In a career spanning over 30 years that has brought her renown as one of the world’s most original vocalists, it’s hard to know where to begin with the force of nature that is Diamanda Galás as a live entity. After a 10 year absence this unique performance artist, interpreter of song and composer returns (presumably in a cloud of sulphuric smoke) with the release of two new studio albums, All the Way and O Death, to sate the hunger of her dedicated followers.
Indeed, looking around the Barbican before the start of the show you’d be forgiven for thinking you were at a convention rather than a concert, judging by the number of lookalikes in the audience, as well as those clearly inspired by her individuality to create their own particular looks. Galás’s presence however is entirely her own. Before a note emerges from her throat there is a confidence in the way she carries herself that reminds you that while she inhabits such a dark spectacle, our role as audience is not to feed the performance, but to bear witness to it.
Galás’s infamous voice, while defying categorisation, is famed for being an avant-garde weapon but to summarise her output as merely ‘loud’ or ‘shrieky’ does her a huge disservice. While never confirmed, her eight octave range takes her from vibrato-heavy howls to baritone growls and snarls, which makes just listening to each lyric an out-of-body experience for the ears. On her rendition of A Soul That’s Been Abused she dissembled the blues number to the point of being unrecognisable, and there is a gleeful uncertainty that comes from taking in these transformations. When she takes on O Death her deeply skillful piano playing brings this traditional arrangement to an entirely new level of longing and frantic catharsis.
As well as her famed vocal gyrations there were plenty of moments throughout where she sank to a muted refrain, such as parts of Artemis when the absence of loudness served as a stark contrast to the chaos she then unleashed. Call her ‘one-note’ at your peril. Another string to her bow is the seemingly endless array of languages she sings throughout (French, Spanish, German, Greek as well as English) which at no point felt laboured, instead further opportunities to demonstrate what she transcends. When she spoke once briefly between songs to thank an early supporter for “taking a gamble” on her – by presenting her legendary 1990 Plague Mass gigs at New York City’s Cathedral of St John the Divine – the plainness of her spoken voice came as a surprise, although quite what was expected is hard to say.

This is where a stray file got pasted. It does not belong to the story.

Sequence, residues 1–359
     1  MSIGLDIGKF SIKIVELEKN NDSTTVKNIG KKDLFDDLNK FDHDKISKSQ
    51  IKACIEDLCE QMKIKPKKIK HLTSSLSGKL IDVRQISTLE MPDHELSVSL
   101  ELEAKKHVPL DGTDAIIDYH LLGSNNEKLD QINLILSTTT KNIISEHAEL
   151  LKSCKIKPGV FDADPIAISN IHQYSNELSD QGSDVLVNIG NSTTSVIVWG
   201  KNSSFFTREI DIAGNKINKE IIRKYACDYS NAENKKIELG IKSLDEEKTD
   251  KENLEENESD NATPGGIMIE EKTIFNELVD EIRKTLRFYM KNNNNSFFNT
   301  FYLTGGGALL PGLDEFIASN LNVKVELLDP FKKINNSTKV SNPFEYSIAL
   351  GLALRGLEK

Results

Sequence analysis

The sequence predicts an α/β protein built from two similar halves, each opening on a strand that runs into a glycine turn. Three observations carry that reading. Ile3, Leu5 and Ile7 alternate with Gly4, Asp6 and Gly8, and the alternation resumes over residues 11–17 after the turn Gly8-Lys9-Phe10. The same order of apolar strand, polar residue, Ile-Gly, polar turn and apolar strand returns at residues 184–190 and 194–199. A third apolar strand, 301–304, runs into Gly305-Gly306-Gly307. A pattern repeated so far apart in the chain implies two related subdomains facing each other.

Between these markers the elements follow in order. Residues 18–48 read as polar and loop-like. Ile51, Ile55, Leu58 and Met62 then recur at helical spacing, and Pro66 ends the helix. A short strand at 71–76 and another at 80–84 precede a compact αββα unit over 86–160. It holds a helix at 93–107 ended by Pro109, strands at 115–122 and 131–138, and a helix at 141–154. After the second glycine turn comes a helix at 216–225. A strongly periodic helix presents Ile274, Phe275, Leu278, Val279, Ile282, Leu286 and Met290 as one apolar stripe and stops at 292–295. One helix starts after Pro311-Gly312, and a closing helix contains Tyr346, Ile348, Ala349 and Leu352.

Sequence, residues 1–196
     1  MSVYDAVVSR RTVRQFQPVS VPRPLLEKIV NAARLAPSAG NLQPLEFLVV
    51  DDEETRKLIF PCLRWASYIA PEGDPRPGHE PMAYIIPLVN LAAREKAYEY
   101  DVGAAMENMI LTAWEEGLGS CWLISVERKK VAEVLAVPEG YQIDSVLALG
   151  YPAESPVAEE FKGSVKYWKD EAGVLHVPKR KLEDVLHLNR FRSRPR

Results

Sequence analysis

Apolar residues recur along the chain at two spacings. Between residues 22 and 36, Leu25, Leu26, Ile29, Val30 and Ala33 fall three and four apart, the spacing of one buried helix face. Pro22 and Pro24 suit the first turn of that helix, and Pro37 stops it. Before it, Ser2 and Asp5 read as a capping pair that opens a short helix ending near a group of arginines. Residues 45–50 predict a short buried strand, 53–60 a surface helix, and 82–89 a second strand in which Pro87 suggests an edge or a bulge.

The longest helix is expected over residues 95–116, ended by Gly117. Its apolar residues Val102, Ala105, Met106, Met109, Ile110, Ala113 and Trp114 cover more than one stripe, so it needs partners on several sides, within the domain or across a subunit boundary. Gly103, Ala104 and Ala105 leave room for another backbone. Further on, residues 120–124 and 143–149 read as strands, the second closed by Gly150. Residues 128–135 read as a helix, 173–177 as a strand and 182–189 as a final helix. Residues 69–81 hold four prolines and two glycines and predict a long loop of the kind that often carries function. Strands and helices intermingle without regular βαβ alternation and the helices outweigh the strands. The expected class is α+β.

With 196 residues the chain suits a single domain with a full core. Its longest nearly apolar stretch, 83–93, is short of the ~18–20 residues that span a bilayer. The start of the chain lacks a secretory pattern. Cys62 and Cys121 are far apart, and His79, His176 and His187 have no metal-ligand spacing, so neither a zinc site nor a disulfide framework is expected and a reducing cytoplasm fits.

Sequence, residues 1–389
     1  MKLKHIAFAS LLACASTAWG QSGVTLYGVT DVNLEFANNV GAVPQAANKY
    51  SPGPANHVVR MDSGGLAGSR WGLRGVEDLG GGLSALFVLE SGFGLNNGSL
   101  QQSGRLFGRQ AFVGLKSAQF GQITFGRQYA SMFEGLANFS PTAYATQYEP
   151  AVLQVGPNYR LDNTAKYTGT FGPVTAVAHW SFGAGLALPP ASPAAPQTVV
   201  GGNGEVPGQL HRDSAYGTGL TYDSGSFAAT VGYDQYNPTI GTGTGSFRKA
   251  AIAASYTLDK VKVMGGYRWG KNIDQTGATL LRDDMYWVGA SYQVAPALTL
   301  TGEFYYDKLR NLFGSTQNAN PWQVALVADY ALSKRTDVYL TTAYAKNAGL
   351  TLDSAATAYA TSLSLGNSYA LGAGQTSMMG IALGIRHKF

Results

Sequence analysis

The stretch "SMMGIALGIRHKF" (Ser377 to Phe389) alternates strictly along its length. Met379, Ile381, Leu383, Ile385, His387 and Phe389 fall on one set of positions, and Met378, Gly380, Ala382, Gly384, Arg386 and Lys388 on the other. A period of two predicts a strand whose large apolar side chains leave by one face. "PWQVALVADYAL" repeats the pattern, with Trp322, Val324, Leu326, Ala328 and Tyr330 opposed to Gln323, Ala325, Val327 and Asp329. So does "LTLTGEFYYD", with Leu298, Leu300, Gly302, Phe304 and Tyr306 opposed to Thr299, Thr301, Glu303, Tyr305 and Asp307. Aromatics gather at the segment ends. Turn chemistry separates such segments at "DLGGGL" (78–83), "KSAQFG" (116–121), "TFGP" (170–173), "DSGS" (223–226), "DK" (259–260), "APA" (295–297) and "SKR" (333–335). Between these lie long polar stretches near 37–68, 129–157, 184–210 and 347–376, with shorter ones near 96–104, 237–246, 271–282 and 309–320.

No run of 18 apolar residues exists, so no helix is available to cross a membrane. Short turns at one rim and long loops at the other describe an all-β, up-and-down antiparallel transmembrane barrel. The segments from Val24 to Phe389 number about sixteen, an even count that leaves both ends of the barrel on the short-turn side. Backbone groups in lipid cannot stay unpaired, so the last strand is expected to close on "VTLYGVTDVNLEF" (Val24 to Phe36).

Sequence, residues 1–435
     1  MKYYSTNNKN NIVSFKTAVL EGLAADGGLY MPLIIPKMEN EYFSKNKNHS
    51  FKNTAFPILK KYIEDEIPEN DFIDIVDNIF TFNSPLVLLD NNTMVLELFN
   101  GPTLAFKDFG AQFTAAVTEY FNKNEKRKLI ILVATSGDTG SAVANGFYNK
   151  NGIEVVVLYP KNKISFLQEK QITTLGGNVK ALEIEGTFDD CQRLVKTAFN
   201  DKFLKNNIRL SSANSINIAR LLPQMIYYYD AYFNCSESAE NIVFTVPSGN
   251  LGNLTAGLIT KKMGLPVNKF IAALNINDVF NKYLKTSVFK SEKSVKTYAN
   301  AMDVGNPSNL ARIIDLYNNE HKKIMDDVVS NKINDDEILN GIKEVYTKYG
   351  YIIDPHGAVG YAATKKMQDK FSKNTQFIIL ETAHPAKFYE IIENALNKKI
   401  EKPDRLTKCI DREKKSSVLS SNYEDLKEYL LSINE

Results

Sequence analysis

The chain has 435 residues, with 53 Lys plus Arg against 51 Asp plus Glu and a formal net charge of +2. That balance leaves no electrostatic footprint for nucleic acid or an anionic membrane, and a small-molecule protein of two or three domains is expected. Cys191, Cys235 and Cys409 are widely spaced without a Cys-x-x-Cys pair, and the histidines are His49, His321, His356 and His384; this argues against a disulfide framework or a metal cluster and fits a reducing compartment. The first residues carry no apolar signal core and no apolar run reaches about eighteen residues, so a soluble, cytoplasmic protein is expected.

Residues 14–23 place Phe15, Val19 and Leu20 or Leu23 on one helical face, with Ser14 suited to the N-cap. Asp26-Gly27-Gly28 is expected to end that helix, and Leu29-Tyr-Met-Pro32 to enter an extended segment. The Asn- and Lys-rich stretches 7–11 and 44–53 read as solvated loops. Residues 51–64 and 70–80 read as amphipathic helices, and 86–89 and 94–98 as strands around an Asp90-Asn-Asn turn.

With this prowess already present, it felt unnecessary to dress up the performance with strobe lighting through some of the more intense songs that achieved nothing other than make you wonder if Crystal Castles were about to appear on stage. The poetic interludes where Galás addressed the audience from a lectern were further impressive displays of her vocal abilities, but perhaps would have felt more significant if they had bookended the set, as opposed to being interspersed throughout.
When someone has been doing her thing for as long as Galás, and it’s not as though performers like her are dime-a-dozen, it’s hard to critique someone who knows their craft quite so well. By now her audiences have the expectation of dark reinterpretations that leave a unique feeling of rawness, and she certainly doesn’t disappoint. As she finished after her third encore to a standing ovation with the Plague Mass track Let My People Go, there was the tiniest flicker where the woman behind the performance was visible, looking as humbled as she had been haunting.